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Russo J , Romero AL , Russo IH
Architectural Pattern of the Normal and Cancerous Breast under the Influence of Parity
Cancer Epidemiology Biomarkers & Prevention. 1994 Apr-May;3(3) :219-224
PMID: ISI:A1994NE77300006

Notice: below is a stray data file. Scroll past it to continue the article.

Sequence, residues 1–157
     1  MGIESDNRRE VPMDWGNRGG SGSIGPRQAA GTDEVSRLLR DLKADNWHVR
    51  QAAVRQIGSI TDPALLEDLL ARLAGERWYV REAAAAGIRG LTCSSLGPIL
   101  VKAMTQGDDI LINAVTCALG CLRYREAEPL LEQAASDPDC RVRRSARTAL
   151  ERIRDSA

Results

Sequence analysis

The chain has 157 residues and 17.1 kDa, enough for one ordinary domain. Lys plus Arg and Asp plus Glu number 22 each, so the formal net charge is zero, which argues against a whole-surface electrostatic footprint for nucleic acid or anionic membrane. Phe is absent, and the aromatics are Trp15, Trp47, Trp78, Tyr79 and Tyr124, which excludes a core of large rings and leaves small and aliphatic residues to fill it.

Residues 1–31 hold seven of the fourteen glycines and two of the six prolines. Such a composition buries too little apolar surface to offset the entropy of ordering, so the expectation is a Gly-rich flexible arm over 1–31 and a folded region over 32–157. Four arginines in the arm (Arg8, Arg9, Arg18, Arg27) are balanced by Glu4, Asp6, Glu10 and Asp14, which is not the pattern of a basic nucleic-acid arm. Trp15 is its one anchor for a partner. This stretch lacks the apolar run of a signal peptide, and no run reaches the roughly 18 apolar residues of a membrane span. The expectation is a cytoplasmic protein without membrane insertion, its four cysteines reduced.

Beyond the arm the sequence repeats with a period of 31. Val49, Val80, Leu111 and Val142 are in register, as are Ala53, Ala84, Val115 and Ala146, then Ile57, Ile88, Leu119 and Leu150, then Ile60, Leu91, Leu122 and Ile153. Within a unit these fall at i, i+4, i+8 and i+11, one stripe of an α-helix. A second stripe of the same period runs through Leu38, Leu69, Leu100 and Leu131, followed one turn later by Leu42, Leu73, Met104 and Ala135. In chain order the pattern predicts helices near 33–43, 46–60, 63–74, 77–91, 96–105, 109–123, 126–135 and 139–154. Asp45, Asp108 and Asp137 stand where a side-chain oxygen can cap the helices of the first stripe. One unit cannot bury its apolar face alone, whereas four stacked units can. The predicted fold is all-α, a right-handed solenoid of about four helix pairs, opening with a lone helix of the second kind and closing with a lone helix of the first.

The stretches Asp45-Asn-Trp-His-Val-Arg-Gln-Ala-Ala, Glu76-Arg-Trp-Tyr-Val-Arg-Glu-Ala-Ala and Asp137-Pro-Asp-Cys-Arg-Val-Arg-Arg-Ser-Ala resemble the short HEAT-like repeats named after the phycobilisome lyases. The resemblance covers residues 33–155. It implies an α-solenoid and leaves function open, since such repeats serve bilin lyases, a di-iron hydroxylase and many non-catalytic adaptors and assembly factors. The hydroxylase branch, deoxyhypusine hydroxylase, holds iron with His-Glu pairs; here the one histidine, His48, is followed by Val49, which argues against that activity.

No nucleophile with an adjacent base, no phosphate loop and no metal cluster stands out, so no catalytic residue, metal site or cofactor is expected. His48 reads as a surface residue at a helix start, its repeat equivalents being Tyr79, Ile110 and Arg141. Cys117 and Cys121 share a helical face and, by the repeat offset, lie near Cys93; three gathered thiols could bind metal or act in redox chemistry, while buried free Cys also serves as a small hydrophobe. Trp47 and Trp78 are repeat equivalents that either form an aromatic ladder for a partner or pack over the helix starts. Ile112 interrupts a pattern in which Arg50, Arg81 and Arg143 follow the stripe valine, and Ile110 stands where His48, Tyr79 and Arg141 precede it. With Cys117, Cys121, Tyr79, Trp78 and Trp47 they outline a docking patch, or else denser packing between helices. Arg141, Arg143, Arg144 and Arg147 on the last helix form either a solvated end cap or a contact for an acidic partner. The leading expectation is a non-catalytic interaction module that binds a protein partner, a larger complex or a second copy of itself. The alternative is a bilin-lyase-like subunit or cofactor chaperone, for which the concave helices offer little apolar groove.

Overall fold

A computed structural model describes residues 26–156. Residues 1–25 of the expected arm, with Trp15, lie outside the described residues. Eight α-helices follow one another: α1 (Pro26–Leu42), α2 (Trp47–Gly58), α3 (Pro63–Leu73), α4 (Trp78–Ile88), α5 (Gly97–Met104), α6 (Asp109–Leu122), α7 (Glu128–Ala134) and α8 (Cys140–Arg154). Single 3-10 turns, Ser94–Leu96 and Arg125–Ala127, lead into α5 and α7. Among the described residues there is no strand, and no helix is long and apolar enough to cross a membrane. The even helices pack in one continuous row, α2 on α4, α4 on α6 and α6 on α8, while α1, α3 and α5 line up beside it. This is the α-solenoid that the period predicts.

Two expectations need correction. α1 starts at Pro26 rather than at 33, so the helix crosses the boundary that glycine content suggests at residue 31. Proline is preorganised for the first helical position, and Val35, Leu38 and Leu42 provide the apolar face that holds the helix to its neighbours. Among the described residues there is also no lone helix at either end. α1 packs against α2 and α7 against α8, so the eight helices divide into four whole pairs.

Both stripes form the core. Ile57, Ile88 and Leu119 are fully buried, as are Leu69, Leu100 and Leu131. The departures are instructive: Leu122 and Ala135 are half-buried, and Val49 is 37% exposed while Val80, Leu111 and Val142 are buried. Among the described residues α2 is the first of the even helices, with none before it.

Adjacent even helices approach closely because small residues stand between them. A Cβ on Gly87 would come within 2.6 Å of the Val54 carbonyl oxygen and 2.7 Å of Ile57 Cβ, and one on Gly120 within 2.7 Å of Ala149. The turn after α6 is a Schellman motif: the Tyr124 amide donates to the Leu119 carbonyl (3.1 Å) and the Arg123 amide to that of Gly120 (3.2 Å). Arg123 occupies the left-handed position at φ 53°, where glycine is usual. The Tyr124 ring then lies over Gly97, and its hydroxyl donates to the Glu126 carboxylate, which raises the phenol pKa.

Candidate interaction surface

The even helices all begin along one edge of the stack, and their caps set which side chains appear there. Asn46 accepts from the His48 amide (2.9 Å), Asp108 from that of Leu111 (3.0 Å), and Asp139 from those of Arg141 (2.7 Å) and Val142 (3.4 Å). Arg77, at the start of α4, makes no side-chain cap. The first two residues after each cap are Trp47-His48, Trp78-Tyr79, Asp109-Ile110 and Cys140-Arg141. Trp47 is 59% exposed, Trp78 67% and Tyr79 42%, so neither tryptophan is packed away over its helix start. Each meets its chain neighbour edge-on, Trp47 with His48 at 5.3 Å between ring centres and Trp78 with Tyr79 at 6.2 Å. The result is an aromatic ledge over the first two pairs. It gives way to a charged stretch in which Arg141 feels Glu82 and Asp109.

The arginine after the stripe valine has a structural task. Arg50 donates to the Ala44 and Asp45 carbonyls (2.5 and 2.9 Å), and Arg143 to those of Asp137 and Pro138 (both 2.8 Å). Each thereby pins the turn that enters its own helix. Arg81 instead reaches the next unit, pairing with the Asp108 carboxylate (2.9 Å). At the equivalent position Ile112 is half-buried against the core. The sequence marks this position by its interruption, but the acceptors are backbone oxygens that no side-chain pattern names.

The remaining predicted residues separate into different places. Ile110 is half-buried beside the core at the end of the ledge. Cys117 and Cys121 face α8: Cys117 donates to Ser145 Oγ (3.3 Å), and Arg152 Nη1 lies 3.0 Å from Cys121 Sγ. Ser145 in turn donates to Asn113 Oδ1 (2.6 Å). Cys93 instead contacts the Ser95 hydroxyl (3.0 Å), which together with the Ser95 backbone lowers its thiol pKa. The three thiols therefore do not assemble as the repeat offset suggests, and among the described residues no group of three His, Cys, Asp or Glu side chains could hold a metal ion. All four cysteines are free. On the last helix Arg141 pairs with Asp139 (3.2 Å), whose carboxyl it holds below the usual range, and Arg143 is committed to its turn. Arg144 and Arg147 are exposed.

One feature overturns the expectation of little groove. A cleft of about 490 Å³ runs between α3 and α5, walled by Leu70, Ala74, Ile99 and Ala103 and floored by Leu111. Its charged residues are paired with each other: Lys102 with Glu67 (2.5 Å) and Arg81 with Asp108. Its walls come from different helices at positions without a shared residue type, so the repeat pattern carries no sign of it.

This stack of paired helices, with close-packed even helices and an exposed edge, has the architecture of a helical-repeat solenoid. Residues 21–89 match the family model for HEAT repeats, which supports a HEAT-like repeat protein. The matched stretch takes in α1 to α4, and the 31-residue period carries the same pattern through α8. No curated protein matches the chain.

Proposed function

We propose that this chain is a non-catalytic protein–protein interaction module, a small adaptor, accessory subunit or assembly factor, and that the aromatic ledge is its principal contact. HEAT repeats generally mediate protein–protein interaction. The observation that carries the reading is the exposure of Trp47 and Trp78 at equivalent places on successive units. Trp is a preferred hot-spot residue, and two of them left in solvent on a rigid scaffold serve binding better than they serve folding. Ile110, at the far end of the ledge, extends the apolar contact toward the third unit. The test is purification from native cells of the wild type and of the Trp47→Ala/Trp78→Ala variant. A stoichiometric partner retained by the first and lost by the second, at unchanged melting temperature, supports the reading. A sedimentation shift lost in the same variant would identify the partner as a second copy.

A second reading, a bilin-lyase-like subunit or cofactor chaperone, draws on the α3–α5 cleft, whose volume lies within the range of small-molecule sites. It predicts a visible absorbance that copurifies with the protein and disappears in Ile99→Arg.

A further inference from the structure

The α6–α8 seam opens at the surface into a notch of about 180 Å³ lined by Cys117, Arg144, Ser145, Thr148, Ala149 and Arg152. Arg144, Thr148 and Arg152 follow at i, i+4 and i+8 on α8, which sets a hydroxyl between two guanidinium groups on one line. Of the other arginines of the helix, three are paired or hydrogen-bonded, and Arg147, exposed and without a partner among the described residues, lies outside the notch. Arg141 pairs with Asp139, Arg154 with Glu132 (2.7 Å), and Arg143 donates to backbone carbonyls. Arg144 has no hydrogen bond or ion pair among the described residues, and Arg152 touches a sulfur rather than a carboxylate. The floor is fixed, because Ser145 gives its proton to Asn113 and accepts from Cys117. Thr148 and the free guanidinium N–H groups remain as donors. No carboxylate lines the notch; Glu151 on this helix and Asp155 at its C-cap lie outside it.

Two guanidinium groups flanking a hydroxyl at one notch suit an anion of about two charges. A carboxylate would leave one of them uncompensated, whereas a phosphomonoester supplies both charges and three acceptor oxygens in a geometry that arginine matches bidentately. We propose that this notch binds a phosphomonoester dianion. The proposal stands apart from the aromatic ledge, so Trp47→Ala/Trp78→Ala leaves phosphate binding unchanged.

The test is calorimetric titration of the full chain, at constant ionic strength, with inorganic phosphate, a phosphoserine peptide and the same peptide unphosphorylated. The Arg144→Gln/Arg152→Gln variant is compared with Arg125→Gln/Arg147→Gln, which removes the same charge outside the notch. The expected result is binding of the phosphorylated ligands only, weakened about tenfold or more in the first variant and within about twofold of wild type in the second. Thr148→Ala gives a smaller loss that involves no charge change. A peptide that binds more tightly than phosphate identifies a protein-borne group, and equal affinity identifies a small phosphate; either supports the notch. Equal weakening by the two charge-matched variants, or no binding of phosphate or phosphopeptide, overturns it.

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Epidemiological and clinical observations indicate that breast cancer incidence is greater in nulliparous women, whereas early parity confers protection. Since the initiation of breast cancer is related to the degree of development of the organ, this study was designed with the purpose of determining what basic differences exist between the parous and the nulliparous women's breast, and whether these differences correlated with the presence or absence of malignancies. For this purpose, the architecture of the mammary gland of parous and nulliparous women with breast cancer was compared with that of women free of mammary pathology. The women ranged in an age from 20 to 63 years. Normal whole breasts obtained at autopsy or cancer- bearing breasts surgically removed by modified radical mastectomy were studied in whole mount preparations in which the number and relative proportion of normal structures, i.e., lobules type 1, 2, and 3 (Lob 1, 2, and 3), were determined. In the breast of nulliparous women, the predominant structure present was the Lob 1; the presence of cancer did not modify the basic architectural pattern of the breast, which contained a higher proportion of Lob 1 as well. In parous women free of cancer, the breast contained a greater percentage of Lob 3 and a moderately increased number of Lob 2, with a concomitant reduction in Lob 1. Parous women with breast cancer, on the other hand, exhibited a different architecture in the mammary gland, which had a greater percentage of Lob 1 and a lower of Lob 3 than the noncancerous group, approaching the percentages found in nulliparous women. The overall number of structures was lower in the nulliparous and parous women with cancer than in their corresponding controls. The analysis of breast architecture according to the four different quadrants of the breast revealed that Lob 1 in nulliparous and Lob 2 and 3 in parous women with or without breast cancer were present in similar proportions in all the quadrants. It was concluded that no significant differences in architecture existed between the cancerous and noncancerous nulliparous breasts, whereas the breast of parous women with cancer was less developed and similar to the breast of nulliparous women, an observation that suggests that pregnancy in these women did not succeed in inducing the same degree of differentiation achieved by the breast of parous women free of malignancies. Determination of whether these differences in breast development are causally related to the initiation of cancer requires further investigation.